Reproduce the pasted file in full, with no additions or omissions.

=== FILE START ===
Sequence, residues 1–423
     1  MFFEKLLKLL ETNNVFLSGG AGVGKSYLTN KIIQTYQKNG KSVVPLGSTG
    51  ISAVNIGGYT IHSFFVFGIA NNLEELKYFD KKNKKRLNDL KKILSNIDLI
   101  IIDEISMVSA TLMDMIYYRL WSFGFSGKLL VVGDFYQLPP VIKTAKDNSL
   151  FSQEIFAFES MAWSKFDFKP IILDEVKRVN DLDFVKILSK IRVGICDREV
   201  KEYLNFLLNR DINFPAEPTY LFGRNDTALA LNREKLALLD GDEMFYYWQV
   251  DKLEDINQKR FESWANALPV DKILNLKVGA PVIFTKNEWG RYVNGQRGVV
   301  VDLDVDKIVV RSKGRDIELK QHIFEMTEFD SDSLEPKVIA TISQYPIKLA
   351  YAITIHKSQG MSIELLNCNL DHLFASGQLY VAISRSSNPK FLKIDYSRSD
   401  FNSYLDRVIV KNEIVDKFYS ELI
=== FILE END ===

Sequence, residues 1–423
     1  MFFEKLLKLL ETNNVFLSGG AGVGKSYLTN KIIQTYQKNG KSVVPLGSTG
    51  ISAVNIGGYT IHSFFVFGIA NNLEELKYFD KKNKKRLNDL KKILSNIDLI
   101  IIDEISMVSA TLMDMIYYRL WSFGFSGKLL VVGDFYQLPP VIKTAKDNSL
   151  FSQEIFAFES MAWSKFDFKP IILDEVKRVN DLDFVKILSK IRVGICDREV
   201  KEYLNFLLNR DINFPAEPTY LFGRNDTALA LNREKLALLD GDEMFYYWQV
   251  DKLEDINQKR FESWANALPV DKILNLKVGA PVIFTKNEWG RYVNGQRGVV
   301  VDLDVDKIVV RSKGRDIELK QHIFEMTEFD SDSLEPKVIA TISQYPIKLA
   351  YAITIHKSQG MSIELLNCNL DHLFASGQLY VAISRSSNPK FLKIDYSRSD
   401  FNSYLDRVIV KNEIVDKFYS ELI